INDIANAPOLIS — After losing her mother to AIDS from a contaminated blood transfusion, an Indianapolis woman is sharing her story in hopes of stopping the stigma surrounding the disease.
LaTia McCray says she’s working to make sure her mother’s legacy lives on and makes a difference for others.
“That is the reason why I am who I am today. That fight that she had as a mother during that time to protect us,” said McCray.
She wants her mom’s memory to make an impact.
“She is really the light of my life, my mom. She is definitely my hero.”
After delivering her fourth child, her mom, Toni Elaine McCray had complications and was given a blood transfusion that they later found out had HIV-positive blood.
A few years later, she died from AIDS.
“As a mother with four kids and a wife who had her whole life ahead of her, and she wasn’t able to meet her grandkids,” said McCray.
“She didn’t get to see the legacy.”
Growing up, LaTia says they didn’t talk about her mother’s illness because of the stigma it carried.
“My mother was afraid of how she would be represented in the world. My mother was afraid of sharing her truth. So, with not sharing her truth, I believe my mother did not die in peace,” said McCray.
As an adult, she decided to open a salon in her honor.
“Everything that was in my salon represented her. And I wanted to bring her to life and share her with the world,” McCray said.
At the Toni Elaine Salon, she did hair and sold jewelry.
“I was able to tell the story of my mother to every client. And it was a healing for me to be able to share that for many, many years,” she said.
Renee Bigsby was a stylist at Toni Elaine Salon for three years.
“When you walk in it’s very elegant. It’s inviting, it’s calm. It has all the vibes,” said Bigsby.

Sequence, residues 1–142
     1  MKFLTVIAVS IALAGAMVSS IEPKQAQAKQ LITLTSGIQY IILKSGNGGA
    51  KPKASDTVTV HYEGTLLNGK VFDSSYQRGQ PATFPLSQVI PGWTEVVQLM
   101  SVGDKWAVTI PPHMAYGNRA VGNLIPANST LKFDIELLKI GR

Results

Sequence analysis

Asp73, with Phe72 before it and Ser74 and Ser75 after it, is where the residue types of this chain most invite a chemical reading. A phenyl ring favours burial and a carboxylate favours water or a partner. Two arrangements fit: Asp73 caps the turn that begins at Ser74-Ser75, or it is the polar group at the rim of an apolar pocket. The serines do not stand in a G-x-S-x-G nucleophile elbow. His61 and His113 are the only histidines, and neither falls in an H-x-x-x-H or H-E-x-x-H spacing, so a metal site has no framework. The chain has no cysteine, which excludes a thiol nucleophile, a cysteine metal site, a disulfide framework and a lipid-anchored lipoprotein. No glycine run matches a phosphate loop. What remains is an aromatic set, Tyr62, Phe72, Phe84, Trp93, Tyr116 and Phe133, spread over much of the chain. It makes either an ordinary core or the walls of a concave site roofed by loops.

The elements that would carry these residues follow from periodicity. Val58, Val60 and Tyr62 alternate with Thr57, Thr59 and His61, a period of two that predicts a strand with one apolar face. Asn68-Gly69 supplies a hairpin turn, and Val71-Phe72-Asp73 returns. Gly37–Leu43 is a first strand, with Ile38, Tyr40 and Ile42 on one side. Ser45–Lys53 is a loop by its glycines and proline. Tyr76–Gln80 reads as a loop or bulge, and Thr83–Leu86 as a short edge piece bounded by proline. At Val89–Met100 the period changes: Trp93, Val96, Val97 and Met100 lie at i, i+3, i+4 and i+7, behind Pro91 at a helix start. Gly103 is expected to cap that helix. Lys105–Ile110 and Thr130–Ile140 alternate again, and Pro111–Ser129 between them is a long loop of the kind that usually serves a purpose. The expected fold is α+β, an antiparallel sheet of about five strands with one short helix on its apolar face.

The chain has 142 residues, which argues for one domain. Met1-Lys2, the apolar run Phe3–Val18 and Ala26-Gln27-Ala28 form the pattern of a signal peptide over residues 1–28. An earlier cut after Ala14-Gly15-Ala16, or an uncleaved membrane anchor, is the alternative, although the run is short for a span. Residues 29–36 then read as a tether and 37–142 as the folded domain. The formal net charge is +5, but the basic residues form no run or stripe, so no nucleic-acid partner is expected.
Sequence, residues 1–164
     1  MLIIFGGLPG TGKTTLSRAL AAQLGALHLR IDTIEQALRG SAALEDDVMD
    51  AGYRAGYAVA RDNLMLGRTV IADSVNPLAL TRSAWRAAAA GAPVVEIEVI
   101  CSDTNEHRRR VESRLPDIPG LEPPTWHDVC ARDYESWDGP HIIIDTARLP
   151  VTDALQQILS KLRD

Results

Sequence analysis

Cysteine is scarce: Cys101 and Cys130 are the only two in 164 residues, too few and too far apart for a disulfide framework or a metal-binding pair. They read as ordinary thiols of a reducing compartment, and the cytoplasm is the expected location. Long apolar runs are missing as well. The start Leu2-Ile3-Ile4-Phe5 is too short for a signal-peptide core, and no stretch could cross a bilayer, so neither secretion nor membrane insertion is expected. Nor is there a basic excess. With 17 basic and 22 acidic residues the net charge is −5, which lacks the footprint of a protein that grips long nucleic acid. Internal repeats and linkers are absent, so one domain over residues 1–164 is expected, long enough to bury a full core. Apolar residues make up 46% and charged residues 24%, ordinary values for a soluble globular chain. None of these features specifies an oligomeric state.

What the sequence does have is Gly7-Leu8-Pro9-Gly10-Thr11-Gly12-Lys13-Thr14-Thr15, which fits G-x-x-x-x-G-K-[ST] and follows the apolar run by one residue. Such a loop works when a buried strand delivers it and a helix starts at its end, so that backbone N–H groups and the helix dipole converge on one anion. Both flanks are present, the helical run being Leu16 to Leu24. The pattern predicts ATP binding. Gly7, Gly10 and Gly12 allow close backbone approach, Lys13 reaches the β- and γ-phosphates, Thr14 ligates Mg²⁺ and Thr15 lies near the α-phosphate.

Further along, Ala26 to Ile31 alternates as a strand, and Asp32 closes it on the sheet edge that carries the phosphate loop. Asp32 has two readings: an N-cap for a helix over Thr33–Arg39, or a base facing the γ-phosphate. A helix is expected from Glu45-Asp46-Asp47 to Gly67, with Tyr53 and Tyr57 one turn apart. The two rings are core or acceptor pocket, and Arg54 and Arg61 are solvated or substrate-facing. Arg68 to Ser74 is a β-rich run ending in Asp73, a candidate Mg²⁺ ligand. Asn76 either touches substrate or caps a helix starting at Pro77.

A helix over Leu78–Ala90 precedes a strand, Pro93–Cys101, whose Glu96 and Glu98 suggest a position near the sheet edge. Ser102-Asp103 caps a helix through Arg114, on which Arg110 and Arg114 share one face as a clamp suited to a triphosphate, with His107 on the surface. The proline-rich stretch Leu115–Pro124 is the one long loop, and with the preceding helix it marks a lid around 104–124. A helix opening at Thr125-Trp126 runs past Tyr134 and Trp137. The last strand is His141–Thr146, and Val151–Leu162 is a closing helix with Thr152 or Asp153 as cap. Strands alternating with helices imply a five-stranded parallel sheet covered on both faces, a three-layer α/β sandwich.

Bigsby says LaTia sharing her mother’s story made an impact on their customers.
“It’s important for people to know because nobody is alone, everybody is going through something. Whether it be that or any other illnesses,” Bigsby said.
Now, LaTia has closed the doors on that chapter of her life and is looking to honor her mother’s legacy in a new way that she hopes will make a difference for other families.
“I decided to become what I’d never seen. I’d never seen a Black financial representative,” McCray said.
As a financial representative, she hopes to help people like she wishes someone would have helped her father, Albert McCray, who had a paralyzing stroke shortly after her mom died.
“Just from the stress of taking care of four kids, the lack of resources and the knowledge he had at the time as a father — that was a lot on him,” LaTia said.
“So, he is now unable to speak or walk and is in a long-term care facility.”
Now, she’s helping clients like Tamika Patterson plan for their financial futures.
“Her story is actually relatable. So just being able to have that person that I can talk to. Like, really express my concerns with investing and doing different things like that. It’s just helped,” said Patterson.
LaTia says even though her parents couldn’t plan for their future, helping others in their honor is an investment into their legacy.
“We can’t prevent things from happening, but we can plan for the unexpected,” said McCray.